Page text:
But a brief letter to all Centro stakeholders signed by Colonos GM Armando Rincon, Colonos spokesman, ripped the Centro association’s aggressive demolition foray. He said the Colonos supports the intent of upholding rules, but “…does not approve and condemns the (demolition) procedure since we (the Colonos officials) recommended doing it by legal course.”

In a phone interview, Rincon told the Pelican Free Press the Centro board acted on advice of a lawyer rather than wait for approval of a judge as required by law.

Social media use backfires

Several days before the demolition occurred, Café Ole owners and supporters took to the Internet in an 11th hour effort to garner support from the community to prevent the pending destruction. But the move backfired as it soured some in the community and spurred café supporters into a social media barrage of fault-finding and unwarranted denigration of association individuals, creating a public relations nightmare for the community.

The personal attacks apparently helped torpedo a planned meeting between café owners and the CCOA board that might have prevented the impromptu demolition. Piecing together information from various sources, the Pelican found the café owners had agreed to considerable concessions with the COAA administrator prior to the actual demolition.

A discussion was evidently planned to seal the deal with the COAA board, but ironically, it was postponed for lack of availability of several COAA members as the cyber bullying began attracting attention on the Internet. Then came the demolition before a further discussion could be held.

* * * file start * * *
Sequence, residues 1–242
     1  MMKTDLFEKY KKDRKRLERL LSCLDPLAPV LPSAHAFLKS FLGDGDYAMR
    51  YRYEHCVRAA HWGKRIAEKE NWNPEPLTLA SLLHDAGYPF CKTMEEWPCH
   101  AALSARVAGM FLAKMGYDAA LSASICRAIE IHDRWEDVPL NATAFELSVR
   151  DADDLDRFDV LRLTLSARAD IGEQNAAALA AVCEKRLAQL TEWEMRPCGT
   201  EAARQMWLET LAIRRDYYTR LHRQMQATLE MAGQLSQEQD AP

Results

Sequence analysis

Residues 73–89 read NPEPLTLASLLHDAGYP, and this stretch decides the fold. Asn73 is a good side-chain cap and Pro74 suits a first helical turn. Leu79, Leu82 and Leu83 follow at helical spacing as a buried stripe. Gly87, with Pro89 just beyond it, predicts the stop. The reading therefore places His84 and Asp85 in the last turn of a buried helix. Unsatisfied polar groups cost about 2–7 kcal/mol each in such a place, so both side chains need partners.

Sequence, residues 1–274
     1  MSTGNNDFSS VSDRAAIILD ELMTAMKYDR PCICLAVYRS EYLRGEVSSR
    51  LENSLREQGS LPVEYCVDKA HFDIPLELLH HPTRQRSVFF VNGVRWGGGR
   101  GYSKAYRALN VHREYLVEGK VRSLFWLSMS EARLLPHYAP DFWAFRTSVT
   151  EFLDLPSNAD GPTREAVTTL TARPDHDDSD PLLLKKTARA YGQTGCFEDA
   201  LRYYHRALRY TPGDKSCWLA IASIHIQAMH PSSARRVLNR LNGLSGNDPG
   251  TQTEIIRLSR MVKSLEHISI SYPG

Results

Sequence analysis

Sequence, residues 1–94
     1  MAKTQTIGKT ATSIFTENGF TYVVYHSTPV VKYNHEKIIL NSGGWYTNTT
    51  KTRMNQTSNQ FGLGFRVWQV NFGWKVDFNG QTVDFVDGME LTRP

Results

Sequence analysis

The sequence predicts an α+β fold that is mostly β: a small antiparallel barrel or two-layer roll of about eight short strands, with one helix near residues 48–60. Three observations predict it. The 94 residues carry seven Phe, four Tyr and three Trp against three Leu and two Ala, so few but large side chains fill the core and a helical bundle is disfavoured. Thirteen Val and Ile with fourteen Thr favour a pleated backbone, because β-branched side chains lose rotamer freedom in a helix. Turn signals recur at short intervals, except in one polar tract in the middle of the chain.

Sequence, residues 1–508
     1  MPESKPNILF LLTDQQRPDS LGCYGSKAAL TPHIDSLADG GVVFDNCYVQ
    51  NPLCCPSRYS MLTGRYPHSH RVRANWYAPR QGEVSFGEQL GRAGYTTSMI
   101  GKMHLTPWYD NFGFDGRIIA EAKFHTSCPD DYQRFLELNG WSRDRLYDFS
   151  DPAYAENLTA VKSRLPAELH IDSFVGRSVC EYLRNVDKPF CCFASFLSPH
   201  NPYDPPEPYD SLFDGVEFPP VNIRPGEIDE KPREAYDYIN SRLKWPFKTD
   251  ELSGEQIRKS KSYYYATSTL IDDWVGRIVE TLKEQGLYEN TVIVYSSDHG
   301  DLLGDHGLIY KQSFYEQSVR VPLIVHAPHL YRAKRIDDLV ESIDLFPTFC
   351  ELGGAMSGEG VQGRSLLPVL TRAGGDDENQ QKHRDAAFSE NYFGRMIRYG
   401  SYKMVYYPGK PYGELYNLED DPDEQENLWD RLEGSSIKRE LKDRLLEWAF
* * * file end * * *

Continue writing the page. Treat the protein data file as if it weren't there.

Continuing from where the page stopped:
Special meeting set, postponed

A special closed meeting for all Centro condo and business owners – not an assembly – that was scheduled to be held Saturday (Oct. 18) to discuss the situation was also postponed at the 11th hour. “It was thought it would be too soon,” Rincon said he was told. He inferred a cooling off period is needed before sensible discussions can take place.

While the Colonos board condemned the association’s aggressiveness, it equally condemned “the reviling and aggressive acts toward the people involved, referring to their nationality in a derogatory way and using social networks to do it. We ask responsible people to stop these aggressions which do not help anyone and damages our community image,” Rincon wrote for the board.

Future in limbo

In response to an inquiry by the Pelican Free Press of what the future may hold for Cafe Ole, Gary Adams said he believes the situation is “now a criminal matter” and that once it has been resolved by the judicial system, restitution will be demanded. He said, optimistically, that when the courts approve rubble removal and once funds are provided, “we will rebuild.” He said partner Gayle Dunaway wants to remain in the business, but as to himself, “I’m not so sure.” There was no definite timetable included in his responses.

Among the affair’s unintended consequences is a call by condo owner and former association board member John Schwandke for the association to resume bi-lingual meetings and correspondence. “Perhaps the single biggest cause of confusion about this Cafe Ole ordeal is lack of communication.” He said the current board ended the practice of having a translator at association assemblies to save money, but that it should resume so that less information gets lost or confused in translation.